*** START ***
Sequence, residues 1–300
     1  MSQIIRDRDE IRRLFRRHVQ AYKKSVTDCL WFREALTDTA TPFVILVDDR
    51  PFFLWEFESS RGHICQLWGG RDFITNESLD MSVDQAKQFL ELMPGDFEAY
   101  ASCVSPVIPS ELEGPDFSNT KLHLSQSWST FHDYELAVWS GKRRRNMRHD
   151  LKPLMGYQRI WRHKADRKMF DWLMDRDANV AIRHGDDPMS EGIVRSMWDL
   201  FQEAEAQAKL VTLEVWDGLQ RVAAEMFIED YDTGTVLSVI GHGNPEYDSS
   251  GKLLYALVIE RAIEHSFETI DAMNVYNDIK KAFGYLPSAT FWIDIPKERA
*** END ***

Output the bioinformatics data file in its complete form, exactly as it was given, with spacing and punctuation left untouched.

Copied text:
Sequence, residues 1–300
     1  MSQIIRDRDE IRRLFRRHVQ AYKKSVTDCL WFREALTDTA TPFVILVDDR
    51  PFFLWEFESS RGHICQLWGG RDFITNESLD MSVDQAKQFL ELMPGDFEAY
   101  ASCVSPVIPS ELEGPDFSNT KLHLSQSWST FHDYELAVWS GKRRRNMRHD
   151  LKPLMGYQRI WRHKADRKMF DWLMDRDANV AIRHGDDPMS EGIVRSMWDL
   201  FQEAEAQAKL VTLEVWDGLQ RVAAEMFIED YDTGTVLSVI GHGNPEYDSS
   251  GKLLYALVIE RAIEHSFETI DAMNVYNDIK KAFGYLPSAT FWIDIPKERA